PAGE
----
Handling of legality issues at competitions

Discussion in 'Discussing the Cheerleading Industry' started by King, Feb 22, 2010.

  1. KB_Legend

    KB_Legend Jedi Cheerleading Master

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    If things are weighted differently at different competitions then what is the advantage of a universal scoresheet??? Is it just so judges only have to be familiar with one scoring system?? Because from a coaching standpoint that might still create a lot of problems, for example, when the 2010 worlds scoresheet for international divisions came out we had to completely change what we were doing for our open team and even change some people to compensate for the fact that stunts and pyramids are weighted so heavily

     
  2. tumbleyoda

    tumbleyoda Slow your roll, Sparkle.

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    Correct Andre.

    I thought of this before USASF came up with Sr Open 5. One of my issues was that programs that were trying to build a level 5 program and perhaps not yet ready to jump into the Worlds waters yet would not be scored against programs that have being doing level 5 Worlds teams for years. Though I have no problem with one season being thrown to the wolves so to speak, 3 -4 years can kinda kill a level 5 program at any gym. Either that or have a tremendous increase in injuries due to pushing athletes to progress too fast in order to keep up with the Joneses so to speak.

    It would actually allow teams that are competing for Worlds to compete head to head while begining programs could compete against each other, make observations and perhaps enter into the World's divisions when they were ready. Maybe they stack up better than they think. Competitions would not lose teams pulling out becauase they did not want to go up against teams that they believe they don't stack up against - ex Unlimited Coed Division.

    It also allows a periods of time for USASF to get the one event they host tweaked even better and for those who favor an universal score sheet (I don't) it would show that they could get it right and earn more trust.
     
  3. pccoach

    pccoach I'm new. Don't Hurt Me

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    Something needs to be done. We recently attended a competition that gave us a "warning" about a transitional stunt and asked for clarification from Les Stella. So, of course we sent in the video and waited for the ruling where Les Stella told us it was legal. We then sent the video and ruling to the next company we competed with, including a hard copy of the email in case we ran into problems. At the coaches meeting, we were then told point blank by the company president, "Don't bother to show me an email from Les Stella that says something is legal because we won't even look at it." It was extremely frustrating knowing that we took all of the appropriate steps that USASF tells us to do in order to be creative with our stunting only to be told that those steps weren't acceptable. This was at a World's bid competition. Definitely not something you want to hear before you take the floor. Steps need to be put into place that all gyms can follow and feel confident that they did everything they could do to be creative using the rules and regulations given by USASF.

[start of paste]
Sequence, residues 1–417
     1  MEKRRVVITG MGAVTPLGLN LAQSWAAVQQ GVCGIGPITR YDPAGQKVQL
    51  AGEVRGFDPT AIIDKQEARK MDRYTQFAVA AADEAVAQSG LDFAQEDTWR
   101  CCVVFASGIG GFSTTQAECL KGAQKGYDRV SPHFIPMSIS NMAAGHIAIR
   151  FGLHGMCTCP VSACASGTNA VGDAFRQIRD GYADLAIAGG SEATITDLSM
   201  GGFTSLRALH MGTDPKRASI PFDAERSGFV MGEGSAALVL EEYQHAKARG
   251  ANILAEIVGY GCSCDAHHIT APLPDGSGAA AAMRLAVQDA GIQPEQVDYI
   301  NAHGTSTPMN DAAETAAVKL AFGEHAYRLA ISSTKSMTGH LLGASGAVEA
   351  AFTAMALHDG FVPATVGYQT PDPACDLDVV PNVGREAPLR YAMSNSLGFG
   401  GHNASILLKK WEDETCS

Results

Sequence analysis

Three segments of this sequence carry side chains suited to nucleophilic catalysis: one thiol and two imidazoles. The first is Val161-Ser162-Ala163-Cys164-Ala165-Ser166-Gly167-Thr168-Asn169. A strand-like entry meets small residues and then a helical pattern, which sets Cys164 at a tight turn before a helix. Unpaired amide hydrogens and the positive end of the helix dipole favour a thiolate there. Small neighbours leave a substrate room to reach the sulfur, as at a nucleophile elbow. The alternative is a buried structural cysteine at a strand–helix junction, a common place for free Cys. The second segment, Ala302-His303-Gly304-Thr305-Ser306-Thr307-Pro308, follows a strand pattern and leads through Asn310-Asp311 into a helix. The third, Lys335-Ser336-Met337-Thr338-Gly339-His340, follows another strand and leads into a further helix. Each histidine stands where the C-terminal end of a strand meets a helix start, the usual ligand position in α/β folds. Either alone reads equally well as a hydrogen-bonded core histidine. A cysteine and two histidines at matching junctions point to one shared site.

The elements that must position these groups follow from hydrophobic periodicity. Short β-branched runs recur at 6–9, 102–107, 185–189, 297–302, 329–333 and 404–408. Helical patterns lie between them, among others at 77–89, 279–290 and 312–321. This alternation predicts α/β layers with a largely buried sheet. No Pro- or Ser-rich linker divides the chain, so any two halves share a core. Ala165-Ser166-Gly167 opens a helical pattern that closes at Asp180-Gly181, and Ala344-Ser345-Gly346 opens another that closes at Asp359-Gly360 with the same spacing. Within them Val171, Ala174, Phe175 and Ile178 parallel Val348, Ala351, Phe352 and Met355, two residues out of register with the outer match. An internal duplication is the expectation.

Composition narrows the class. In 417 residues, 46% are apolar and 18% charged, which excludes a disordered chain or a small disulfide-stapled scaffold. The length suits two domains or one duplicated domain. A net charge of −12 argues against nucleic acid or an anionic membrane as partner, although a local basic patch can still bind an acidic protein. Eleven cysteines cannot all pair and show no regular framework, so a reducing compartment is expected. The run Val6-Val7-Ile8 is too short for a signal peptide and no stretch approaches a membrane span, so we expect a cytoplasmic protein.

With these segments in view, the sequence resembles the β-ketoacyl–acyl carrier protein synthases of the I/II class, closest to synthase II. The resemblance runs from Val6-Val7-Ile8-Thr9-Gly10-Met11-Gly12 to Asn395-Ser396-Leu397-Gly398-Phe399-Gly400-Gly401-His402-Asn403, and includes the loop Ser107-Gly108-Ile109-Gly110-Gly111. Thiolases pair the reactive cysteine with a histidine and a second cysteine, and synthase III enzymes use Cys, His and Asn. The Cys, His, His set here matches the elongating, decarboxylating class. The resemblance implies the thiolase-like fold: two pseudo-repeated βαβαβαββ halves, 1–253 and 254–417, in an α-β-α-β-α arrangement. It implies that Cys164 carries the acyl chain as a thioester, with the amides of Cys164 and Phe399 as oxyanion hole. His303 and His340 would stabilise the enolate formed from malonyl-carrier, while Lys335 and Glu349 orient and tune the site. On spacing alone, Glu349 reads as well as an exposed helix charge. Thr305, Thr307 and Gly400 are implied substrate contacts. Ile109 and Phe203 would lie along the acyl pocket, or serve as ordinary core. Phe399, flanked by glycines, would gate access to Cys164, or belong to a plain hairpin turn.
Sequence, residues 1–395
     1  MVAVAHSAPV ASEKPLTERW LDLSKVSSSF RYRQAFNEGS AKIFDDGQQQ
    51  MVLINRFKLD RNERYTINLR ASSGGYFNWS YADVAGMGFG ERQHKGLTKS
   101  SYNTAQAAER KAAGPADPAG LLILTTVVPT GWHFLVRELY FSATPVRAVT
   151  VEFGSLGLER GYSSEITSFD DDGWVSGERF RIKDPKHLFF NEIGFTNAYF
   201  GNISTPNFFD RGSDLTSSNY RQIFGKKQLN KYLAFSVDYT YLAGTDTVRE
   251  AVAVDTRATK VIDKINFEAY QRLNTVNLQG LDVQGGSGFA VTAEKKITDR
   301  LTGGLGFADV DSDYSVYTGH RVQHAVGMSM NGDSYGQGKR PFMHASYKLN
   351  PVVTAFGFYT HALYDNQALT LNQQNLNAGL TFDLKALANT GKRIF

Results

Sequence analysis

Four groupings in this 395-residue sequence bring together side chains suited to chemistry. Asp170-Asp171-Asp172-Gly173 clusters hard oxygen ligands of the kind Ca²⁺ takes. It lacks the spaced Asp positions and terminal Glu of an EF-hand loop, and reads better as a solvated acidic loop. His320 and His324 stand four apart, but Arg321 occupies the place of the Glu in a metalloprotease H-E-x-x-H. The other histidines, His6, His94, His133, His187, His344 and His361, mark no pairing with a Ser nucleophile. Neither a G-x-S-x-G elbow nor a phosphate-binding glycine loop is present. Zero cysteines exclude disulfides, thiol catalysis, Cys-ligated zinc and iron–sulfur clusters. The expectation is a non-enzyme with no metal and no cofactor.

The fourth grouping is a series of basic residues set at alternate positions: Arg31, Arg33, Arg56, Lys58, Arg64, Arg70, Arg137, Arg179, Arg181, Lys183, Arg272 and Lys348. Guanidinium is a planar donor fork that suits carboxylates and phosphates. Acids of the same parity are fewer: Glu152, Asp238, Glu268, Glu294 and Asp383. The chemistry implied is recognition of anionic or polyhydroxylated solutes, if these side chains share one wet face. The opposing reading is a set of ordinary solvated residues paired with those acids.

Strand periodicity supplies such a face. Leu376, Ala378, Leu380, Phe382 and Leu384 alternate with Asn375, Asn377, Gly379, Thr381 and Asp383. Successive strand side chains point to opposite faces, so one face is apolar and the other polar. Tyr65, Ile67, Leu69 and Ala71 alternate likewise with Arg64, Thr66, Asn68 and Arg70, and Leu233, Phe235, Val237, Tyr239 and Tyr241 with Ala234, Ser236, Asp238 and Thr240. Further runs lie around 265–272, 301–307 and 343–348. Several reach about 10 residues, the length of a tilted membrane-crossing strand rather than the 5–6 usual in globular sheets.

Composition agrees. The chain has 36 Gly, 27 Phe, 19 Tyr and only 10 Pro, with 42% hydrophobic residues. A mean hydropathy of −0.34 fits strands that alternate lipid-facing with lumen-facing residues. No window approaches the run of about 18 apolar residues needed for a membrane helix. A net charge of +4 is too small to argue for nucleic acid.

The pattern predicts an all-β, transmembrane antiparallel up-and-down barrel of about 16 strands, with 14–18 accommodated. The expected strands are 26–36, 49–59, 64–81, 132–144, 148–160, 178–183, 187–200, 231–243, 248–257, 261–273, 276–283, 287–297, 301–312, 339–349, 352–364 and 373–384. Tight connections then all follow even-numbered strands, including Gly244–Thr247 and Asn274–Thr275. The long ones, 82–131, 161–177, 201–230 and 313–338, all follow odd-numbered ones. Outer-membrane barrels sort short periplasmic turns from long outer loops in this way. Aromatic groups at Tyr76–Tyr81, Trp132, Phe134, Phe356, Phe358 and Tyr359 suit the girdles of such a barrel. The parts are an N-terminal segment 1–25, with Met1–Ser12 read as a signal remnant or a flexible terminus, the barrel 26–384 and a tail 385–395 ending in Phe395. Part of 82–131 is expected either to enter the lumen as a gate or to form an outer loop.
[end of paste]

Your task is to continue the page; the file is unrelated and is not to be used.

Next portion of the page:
4. King

    King Is all about that bass Staff Member

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    If all legality issues were handled by the usasf then it would do 2 things:

    1. Take the responsibility off the backs of the event producers and let them just run the event.

    2. Make legal rulings more consistent.

    There are a ton of allstars out there that are members of the usasf (100,000?) Raise the athlete credentialing by 5 bucks and you now have enough money to pay for 2 usasf people to do legalities at every comp.
     
  5. drewpate

    drewpate I text ACEDAD all the time